US to give Philippines $7.5 million to boost maritime patrol in South China Sea

United States Vice-President Kamala Harris

On board one of the Philippines’ biggest vessels patrolling the disputed South China Sea, United States Vice-President Kamala Harris on Tuesday announced that Washington is allotting US$7.5 million to boost the capabilities of Manila’s maritime law enforcement agencies.

Harris said the funding would help the Philippines better combat illegal fishing, as well as enhance monitoring systems and upgrade equipment used in patrolling its waters, including parts of the South China Sea.

On Tuesday, she became the first US official to step foot in Puerto Princesa City in Palawan, the island province in western Philippines considered to be Manila’s stronghold in the South China Sea dispute.

Aboard the BRP Teresa Magbanua, Harris reasserted Washington’s support for Manila’s 2016 arbitral victory against China over its expansive claim in the South China Sea.

The tribunal had struck down Beijing’s nine-dash claim over the disputed waters and ruled that the West Philippine Sea belongs to Manila, not China.

An official designation by the Philippines, the West Philippine Sea refers to the eastern parts of the South China Sea that fall within the country’s exclusive economic zone (EEZ).

But Beijing has rejected this ruling and has continued its dredging and artificial island-building activities in parts of the South China Sea located within the Philippines’ EEZ.

Short of mentioning China, Harris said the US stands with the Philippines “in the face of coercion” in the South China Sea, a conduit for about US$3 trillion worth of ship-borne trade each year.

“The tribunal’s decision is legally binding and must be respected. We will continue to rally our allies and partners against unlawful and irresponsible behavior.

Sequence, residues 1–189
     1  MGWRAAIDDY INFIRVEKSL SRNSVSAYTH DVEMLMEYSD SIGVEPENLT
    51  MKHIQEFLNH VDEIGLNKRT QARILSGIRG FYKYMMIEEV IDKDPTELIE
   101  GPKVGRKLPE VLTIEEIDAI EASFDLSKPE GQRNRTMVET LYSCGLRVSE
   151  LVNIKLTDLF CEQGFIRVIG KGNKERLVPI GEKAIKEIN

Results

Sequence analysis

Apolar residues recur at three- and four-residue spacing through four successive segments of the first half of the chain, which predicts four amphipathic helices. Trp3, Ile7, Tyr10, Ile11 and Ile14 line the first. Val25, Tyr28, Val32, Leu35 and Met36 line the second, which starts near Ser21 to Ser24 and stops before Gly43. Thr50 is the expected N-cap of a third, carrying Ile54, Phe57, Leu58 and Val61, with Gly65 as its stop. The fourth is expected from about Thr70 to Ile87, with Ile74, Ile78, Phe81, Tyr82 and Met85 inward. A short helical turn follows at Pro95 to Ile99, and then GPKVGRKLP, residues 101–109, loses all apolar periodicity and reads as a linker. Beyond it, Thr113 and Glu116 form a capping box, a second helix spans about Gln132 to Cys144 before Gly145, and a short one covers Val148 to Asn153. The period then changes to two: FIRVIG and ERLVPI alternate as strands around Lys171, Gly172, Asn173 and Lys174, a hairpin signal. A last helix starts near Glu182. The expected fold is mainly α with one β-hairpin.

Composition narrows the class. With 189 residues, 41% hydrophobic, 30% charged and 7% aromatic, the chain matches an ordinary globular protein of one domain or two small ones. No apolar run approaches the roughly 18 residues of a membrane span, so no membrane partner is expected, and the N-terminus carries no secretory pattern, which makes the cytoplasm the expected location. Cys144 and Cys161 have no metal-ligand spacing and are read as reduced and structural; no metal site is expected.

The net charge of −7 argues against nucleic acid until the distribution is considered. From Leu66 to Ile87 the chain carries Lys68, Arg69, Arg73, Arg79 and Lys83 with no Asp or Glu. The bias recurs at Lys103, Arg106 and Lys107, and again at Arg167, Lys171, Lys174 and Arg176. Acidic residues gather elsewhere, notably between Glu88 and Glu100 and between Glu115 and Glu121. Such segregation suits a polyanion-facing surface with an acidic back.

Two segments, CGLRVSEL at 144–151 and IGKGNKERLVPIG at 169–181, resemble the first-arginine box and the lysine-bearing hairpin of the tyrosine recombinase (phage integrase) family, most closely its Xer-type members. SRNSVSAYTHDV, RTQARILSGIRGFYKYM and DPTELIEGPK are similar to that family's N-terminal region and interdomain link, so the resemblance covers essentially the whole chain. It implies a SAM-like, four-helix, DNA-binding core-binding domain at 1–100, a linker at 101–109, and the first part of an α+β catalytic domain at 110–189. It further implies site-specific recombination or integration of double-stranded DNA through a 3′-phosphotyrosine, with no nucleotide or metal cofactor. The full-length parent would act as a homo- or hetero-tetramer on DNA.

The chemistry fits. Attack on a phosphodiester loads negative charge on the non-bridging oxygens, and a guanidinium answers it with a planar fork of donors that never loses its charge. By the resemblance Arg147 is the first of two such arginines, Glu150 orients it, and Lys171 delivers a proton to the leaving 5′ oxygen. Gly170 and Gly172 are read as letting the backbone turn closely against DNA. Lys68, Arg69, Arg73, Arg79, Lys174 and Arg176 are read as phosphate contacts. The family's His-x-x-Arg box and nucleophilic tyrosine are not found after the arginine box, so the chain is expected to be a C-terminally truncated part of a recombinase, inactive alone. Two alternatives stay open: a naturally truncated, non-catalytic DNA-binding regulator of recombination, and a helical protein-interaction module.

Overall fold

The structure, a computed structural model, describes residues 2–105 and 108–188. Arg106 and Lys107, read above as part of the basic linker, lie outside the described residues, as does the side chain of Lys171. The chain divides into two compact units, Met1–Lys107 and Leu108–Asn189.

When the international rules-based order is threatened somewhere, it is threatened everywhere,” she said.

“The United States, and the broader international community, have a profound stake in the future of this region. America’s prosperity relies on the billions of dollars that flow through these waters every day. And we are proud to work with you in your mission.”

The US Agency for International Development also kicked off a new partnership with local stakeholders in Palawan, to craft programmes that would support traditional livelihoods and sustainable fishing practices, as well as advance the conservation of vulnerable marine ecosystems in the South China Sea.

Harris arrived in Manila on Sunday evening straight from the APEC summit in Thailand, and left the Philippines on Tuesday afternoon.

Located just 193km from Taiwan and is adjacent to the South China Sea, the Philippines is a strategic ally for both the US and China.

The US has been doubling down in its efforts to strengthen ties with countries in the region amid China’s growing influence in South-east Asia and a possible conflict over Taiwan.

This has been welcomed by Philippines President Ferdinand Marcos Jr, who has vowed to defend the Philippines’ maritime rights, reversing his predecessor Rodrigo Duterte’s pro-China stance




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